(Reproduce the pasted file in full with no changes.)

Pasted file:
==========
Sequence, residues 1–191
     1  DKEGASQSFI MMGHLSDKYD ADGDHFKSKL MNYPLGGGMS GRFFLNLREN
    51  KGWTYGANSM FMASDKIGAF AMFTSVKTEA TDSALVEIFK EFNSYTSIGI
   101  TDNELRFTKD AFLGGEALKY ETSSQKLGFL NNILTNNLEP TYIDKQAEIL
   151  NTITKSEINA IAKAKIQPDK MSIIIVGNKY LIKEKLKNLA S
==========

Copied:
Sequence, residues 1–191
     1  DKEGASQSFI MMGHLSDKYD ADGDHFKSKL MNYPLGGGMS GRFFLNLREN
    51  KGWTYGANSM FMASDKIGAF AMFTSVKTEA TDSALVEIFK EFNSYTSIGI
   101  TDNELRFTKD AFLGGEALKY ETSSQKLGFL NNILTNNLEP TYIDKQAEIL
   151  NTITKSEINA IAKAKIQPDK MSIIIVGNKY LIKEKLKNLA S